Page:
Treatment trials for Ebola will begin in West Africa within a month, Doctors Without Borders announced on Thursday, Agence France-Presse reports.
The global aid agency is planning to test Ebola drugs and blood from survivors on patients from Guinea and Liberia, hoping to lead to an emergency therapy that can be used to combat the deadly disease, which has ravaged West Africa, killing more than 5,000.
“This is an unprecedented international partnership which represents hope for patients to finally get a real treatment against a disease that today kills between 50 and 80 percent of those infected,” Annick Antierens, the coordinator of the trails for the medical nonprofit, told AFP.
The trials are set to begin in December, and results are expected as early as February 2015, according to the report.
AFP reported that University of Oxford scientists will be handling the tests on a drug called brincidofovir at a Doctors Without Borders treatment unit in Monrovia, Liberia. Simultaneously, the Antwerp Institute of Tropical Medicine will conduct trials of “convalescent whole body and plasma therapy” at Doctors Without Borders’ Ebola center in Conakry, Guinea.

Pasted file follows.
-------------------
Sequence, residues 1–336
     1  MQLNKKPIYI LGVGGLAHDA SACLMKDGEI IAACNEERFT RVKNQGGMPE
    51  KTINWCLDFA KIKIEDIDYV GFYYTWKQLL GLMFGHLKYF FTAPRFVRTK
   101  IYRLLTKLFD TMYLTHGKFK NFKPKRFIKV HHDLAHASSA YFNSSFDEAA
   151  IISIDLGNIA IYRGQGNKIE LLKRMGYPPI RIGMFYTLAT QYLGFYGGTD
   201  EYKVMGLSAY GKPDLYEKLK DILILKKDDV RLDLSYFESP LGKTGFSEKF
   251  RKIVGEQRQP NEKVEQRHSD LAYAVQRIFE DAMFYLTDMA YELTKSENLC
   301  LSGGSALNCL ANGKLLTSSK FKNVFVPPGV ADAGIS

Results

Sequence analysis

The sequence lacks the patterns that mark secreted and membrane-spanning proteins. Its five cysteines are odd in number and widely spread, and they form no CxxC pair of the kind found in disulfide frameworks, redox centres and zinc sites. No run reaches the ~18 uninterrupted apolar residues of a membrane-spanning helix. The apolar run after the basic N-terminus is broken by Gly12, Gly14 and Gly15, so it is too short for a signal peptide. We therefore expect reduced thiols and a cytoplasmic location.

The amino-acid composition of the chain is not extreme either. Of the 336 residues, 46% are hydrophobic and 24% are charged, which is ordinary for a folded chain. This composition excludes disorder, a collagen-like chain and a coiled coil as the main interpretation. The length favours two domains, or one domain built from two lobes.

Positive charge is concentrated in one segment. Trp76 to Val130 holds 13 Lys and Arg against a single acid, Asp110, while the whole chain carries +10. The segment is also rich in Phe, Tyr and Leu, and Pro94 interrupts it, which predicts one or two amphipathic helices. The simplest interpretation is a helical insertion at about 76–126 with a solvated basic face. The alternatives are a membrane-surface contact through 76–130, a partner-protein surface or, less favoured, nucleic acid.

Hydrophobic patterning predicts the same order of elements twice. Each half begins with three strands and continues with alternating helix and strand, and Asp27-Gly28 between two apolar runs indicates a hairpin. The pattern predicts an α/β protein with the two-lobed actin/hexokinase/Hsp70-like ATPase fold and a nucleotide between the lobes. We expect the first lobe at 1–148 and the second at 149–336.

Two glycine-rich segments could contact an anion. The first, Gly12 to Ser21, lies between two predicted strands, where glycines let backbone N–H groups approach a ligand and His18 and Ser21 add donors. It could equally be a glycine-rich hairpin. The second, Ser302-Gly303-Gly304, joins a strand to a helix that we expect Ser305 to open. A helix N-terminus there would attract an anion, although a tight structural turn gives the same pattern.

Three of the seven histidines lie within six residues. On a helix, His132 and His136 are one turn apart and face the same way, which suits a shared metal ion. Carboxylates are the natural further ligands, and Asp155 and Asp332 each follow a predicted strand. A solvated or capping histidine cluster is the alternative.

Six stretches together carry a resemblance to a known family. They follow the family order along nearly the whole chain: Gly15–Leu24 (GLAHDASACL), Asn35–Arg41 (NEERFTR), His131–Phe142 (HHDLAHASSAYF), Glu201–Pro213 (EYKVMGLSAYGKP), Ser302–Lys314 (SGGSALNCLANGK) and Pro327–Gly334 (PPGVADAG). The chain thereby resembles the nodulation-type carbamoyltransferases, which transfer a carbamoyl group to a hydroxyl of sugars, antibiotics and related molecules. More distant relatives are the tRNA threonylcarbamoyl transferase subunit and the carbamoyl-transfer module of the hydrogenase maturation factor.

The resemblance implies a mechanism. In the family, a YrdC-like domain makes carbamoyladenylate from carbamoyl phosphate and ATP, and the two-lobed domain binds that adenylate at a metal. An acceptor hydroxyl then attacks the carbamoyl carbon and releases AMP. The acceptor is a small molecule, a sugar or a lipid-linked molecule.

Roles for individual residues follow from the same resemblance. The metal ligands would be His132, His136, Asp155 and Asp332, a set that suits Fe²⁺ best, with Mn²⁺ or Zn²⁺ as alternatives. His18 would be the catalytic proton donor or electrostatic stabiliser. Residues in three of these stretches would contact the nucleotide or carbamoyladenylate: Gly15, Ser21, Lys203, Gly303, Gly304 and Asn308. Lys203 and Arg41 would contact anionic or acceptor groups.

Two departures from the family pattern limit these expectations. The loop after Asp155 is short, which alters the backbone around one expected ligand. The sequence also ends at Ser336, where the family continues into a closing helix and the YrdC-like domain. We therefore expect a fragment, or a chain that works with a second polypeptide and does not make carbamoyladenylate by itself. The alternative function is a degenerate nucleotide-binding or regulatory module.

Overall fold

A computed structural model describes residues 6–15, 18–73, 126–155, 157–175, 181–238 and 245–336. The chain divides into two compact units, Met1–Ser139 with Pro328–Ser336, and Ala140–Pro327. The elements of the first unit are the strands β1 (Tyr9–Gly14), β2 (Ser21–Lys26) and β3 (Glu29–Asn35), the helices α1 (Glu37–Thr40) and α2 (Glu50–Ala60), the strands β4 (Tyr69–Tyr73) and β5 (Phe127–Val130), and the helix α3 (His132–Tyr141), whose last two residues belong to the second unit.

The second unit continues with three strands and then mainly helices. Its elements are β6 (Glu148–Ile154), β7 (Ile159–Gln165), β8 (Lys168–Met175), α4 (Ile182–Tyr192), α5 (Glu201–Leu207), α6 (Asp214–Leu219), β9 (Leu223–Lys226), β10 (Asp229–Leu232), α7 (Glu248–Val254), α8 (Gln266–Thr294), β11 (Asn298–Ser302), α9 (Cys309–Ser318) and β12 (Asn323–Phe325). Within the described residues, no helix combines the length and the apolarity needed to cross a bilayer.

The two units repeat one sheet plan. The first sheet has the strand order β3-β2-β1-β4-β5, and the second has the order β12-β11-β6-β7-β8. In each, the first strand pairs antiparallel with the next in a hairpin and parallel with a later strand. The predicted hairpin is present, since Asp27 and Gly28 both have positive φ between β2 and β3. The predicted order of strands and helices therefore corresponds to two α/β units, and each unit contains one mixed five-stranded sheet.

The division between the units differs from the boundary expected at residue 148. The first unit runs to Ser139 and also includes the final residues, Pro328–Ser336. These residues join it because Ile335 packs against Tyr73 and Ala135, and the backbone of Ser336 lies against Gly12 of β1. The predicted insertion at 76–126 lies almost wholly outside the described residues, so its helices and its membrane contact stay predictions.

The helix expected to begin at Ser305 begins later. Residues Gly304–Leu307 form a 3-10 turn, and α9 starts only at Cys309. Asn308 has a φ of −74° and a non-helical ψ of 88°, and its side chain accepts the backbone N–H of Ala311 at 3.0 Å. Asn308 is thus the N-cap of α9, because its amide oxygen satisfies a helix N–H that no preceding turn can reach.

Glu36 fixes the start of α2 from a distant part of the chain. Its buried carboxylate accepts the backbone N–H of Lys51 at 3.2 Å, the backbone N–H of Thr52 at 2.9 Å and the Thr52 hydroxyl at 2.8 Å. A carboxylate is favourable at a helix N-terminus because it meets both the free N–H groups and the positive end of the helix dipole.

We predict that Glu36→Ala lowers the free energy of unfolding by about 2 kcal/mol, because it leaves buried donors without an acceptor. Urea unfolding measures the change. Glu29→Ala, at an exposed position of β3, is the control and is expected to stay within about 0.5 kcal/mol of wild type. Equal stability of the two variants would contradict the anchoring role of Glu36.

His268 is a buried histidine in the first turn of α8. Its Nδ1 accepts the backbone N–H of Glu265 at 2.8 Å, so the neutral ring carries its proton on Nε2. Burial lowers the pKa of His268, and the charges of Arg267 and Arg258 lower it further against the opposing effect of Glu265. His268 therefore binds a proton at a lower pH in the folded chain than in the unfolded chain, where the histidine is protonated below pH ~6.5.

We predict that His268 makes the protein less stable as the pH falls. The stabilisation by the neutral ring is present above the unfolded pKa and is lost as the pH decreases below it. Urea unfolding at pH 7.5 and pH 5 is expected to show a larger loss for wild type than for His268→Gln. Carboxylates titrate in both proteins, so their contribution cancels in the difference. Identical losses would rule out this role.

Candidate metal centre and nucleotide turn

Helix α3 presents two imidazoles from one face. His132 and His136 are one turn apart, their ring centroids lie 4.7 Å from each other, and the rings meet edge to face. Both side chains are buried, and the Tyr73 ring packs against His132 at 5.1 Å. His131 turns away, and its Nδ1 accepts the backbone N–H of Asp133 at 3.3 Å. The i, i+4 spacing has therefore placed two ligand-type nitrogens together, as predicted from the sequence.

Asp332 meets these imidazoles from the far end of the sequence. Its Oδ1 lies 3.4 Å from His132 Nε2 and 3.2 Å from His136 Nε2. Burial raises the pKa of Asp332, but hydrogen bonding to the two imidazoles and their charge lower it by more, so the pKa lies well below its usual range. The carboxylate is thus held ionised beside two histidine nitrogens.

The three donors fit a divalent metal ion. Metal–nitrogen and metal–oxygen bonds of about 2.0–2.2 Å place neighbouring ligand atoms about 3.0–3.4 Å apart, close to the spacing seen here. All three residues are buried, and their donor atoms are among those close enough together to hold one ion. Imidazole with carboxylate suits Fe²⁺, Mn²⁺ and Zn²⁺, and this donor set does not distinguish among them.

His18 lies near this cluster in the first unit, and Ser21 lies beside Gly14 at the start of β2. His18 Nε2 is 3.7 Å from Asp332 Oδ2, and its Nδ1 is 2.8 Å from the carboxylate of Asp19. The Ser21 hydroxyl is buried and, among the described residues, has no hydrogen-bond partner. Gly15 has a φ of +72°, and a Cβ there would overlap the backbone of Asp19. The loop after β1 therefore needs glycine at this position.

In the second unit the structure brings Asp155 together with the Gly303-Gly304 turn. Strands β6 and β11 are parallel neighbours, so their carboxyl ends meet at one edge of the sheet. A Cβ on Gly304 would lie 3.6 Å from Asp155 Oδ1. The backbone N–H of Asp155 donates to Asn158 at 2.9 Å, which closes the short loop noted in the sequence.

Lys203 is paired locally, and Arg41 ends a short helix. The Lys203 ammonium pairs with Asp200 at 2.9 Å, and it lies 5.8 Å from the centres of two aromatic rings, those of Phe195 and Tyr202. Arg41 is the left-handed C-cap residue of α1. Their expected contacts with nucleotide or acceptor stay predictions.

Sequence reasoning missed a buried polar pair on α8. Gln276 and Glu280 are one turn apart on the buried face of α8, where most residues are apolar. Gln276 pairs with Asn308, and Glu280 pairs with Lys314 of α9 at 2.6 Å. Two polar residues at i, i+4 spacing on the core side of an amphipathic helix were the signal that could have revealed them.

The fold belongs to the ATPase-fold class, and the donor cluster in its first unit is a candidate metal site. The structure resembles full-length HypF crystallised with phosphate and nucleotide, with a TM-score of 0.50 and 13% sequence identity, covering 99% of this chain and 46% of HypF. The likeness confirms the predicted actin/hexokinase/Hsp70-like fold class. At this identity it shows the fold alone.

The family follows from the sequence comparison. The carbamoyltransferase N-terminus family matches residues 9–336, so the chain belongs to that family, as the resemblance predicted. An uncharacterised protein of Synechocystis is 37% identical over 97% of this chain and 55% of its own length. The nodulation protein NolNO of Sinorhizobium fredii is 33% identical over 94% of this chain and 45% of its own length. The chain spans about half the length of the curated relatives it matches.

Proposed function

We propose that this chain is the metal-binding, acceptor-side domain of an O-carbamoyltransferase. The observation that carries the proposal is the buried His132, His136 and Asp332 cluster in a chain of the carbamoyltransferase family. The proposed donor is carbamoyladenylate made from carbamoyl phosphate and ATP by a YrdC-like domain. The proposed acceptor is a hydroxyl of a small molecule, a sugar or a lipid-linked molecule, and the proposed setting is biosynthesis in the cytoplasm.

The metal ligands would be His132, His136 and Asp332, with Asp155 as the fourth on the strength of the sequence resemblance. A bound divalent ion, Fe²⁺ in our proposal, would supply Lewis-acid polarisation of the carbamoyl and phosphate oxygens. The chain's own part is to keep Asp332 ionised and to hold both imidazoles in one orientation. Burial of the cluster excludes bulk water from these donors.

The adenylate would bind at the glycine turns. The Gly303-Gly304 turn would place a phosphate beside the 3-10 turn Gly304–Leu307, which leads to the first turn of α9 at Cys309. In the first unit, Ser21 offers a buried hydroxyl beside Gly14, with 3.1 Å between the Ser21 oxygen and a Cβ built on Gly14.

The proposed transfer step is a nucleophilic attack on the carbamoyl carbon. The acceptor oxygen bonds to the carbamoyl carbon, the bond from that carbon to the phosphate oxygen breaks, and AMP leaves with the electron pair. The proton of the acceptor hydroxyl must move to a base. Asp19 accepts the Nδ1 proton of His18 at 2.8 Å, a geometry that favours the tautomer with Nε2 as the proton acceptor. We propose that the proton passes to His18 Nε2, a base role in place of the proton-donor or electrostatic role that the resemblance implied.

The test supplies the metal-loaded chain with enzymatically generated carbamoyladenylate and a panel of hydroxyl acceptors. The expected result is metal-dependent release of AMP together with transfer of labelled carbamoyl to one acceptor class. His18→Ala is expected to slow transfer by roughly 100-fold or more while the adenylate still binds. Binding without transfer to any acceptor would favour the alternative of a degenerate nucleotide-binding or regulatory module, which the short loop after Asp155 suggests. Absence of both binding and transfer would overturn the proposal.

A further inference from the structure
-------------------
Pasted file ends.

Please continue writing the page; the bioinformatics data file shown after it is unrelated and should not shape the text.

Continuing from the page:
Doctors Without Borders told AFP that no patient will be tested without giving informed consent, and the care agency promised little disturbance in the patient’s regular care.
The agency is requesting that local survivors donate their blood. “We want to find out whether it works for Ebola, whether it is safe and whether it can be scaled up to reduce the number of deaths in the current outbreak,” lead coordinator Johan van Griensven told AFP.
“Conducting clinical trials of investigational drugs in the midst of a humanitarian crisis is a new experience for all of us, but we are determined not to fail the people of West Africa,” the head of the Monrovia trial, Peter Horby, added.
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